BOSTON — Attorney General Maura Healey renewed her call on
Tuesday for passage of legislation that would tighten state laws
around the licensing and regulation of massage therapy and
bodyworks in Massachusetts, in the aftermath of allegations that
New England Patriots owner Robert Kraft paid for sex at a massage
parlor in Florida.

Healey, a Democrat, said she found the charges against Kraft to be
''deeply troubling and disturbing,'' and expressed confidence that
authorities would ''do their job'' in prosecuting the case.

Kraft is among hundreds of men accused as part of a crackdown on
prostitution allegedly occurring in massage parlors in Florida. He
faces two misdemeanor counts of soliciting prostitution and has
denied wrongdoing.

Police said Kraft was videotaped in Jupiter, Florida, engaging in a
sex act on Jan. 19 then returned to the establishment the
following day before flying to the AFC championship game in Kansas
City.

Healey, who says her office has prosecuted dozens of sex
trafficking cases, is sponsoring a bill that would overhaul
rules and regulations for Massachusetts businesses that offer
massage therapy and bodyworks and sets a code of ethics for the
profession.

While state law already requires licensing of massage therapy, the
measure would close a loophole in state law by setting the same
requirements for those who run bodyworks facilities. The attorney
general's office cites several cases of operators advertising
themselves as ''bodyworks'' services to evade state licensing rules
and use the unregulated businesses for illegal human trafficking.

Bodywork therapists often use techniques such as cupping used to
relieve pain and increase blood flow, and approaches other than
massage to improve a person's overall physical and mental condition.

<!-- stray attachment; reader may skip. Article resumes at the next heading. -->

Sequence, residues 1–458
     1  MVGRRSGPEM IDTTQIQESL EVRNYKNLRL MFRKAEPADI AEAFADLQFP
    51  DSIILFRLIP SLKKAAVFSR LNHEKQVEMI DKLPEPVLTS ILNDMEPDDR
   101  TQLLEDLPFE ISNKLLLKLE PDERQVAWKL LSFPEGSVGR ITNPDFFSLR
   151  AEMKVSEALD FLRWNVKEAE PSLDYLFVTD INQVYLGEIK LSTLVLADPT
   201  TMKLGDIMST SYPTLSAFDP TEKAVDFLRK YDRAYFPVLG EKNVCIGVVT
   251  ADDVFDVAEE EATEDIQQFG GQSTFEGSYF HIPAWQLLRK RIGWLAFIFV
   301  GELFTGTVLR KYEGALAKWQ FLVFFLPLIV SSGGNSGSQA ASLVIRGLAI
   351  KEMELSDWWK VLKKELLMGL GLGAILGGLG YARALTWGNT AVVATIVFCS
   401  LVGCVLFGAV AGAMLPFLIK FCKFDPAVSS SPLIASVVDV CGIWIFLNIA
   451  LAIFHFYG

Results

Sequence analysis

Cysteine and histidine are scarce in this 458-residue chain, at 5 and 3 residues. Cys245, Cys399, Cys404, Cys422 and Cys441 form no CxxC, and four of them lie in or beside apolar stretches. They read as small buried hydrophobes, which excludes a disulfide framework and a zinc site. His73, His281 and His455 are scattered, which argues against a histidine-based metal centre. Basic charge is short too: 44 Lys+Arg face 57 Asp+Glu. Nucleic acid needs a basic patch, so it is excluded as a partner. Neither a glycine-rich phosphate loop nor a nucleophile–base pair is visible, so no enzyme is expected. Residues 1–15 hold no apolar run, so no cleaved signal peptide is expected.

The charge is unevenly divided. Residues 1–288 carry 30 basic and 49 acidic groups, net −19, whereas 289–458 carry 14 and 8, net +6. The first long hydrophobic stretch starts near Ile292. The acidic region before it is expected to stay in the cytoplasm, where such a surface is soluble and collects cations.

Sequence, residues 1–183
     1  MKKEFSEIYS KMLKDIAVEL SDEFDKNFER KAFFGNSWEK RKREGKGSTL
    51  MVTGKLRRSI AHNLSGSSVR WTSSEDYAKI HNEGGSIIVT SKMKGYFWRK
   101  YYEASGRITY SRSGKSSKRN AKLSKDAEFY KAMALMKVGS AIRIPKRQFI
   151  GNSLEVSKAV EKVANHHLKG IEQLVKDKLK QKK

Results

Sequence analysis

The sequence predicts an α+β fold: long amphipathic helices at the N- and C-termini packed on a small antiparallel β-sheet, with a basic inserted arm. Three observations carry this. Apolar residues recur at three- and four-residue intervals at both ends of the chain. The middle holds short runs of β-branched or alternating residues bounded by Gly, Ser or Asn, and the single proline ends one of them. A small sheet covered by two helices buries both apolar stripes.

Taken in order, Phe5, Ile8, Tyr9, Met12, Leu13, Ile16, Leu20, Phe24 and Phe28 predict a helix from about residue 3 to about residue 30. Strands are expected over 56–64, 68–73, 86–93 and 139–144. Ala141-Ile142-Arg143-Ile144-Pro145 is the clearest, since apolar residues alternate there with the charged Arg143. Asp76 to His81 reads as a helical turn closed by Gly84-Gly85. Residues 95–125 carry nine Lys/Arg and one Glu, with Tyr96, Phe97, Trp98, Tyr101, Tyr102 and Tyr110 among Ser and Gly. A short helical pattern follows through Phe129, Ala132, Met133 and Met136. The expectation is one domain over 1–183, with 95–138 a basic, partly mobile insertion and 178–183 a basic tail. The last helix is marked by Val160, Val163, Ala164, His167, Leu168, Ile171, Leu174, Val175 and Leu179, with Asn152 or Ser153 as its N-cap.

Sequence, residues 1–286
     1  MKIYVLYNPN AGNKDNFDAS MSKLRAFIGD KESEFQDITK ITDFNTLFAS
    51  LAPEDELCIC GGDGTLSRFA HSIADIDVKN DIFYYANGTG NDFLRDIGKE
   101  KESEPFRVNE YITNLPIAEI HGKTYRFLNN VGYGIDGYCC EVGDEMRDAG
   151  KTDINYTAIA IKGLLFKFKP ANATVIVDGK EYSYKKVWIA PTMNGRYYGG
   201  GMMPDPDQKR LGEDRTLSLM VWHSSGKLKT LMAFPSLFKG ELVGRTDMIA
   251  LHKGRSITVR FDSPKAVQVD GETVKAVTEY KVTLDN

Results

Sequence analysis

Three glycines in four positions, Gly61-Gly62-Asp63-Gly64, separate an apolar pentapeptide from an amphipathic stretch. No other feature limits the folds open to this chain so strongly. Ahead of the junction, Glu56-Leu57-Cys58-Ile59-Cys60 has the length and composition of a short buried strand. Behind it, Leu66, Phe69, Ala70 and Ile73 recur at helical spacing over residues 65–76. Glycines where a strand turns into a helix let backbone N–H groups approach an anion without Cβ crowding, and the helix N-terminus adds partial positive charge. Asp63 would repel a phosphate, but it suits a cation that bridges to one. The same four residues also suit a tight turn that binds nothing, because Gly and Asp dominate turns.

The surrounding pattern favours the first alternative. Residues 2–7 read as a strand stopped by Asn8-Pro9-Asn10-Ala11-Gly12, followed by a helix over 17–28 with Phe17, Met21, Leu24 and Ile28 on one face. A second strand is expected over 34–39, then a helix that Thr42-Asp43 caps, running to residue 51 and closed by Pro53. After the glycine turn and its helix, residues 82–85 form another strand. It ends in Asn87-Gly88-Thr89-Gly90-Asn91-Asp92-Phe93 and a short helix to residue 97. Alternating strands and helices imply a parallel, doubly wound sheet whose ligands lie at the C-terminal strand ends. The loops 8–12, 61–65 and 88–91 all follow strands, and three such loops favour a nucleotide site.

The measure filed prior to the Florida case involving Kraft, would
restructure a seven-member licensure board and would include one
member from law enforcement with a background in human trafficking
investigations.

''This is not a victimless crime,'' Healey said of prostitution
during her monthly ''Ask the AG'' program Tuesday on WGBH-FM. ''At
the other end there is always someone's mother, daughter, sister,
and they don't want to be there.''

In one recent case prosecuted by the state, Healey's office won
human trafficking and money laundering convictions against a
Medford woman accused of using massage parlors as fronts for human
trafficking, and of bringing women to the state to engage in
prostitution. Xiu Chen, 38, was sentenced in December to five years
in prison.

The attorney general and Kraft have worked together in the past on
issues related to sexual violence.

In 2015, Healey and the New England Patriots Charitable Foundation
partnered to launch Game Change, an educational program focused on
encouraging healthy relationships among adolescents and preventing
dating violence and sexual assault. She and Kraft hosted an annual
student leadership event for the program at Gillette Stadium last
October.

Republican Gov. Charlie Baker on Tuesday said he was shocked and
disappointed to hear of the allegations against Kraft, while adding
that cracking down on sexual exploitation and trafficking has been
a high priority for his administration.

Baker, who attended the Patriots' Super Bowl victory in Atlanta
last month, declined to offer an opinion when asked if he thought
Kraft should step aside from direct control of the team.

''I think that's an issue for the Patriots and the NFL,'' he said.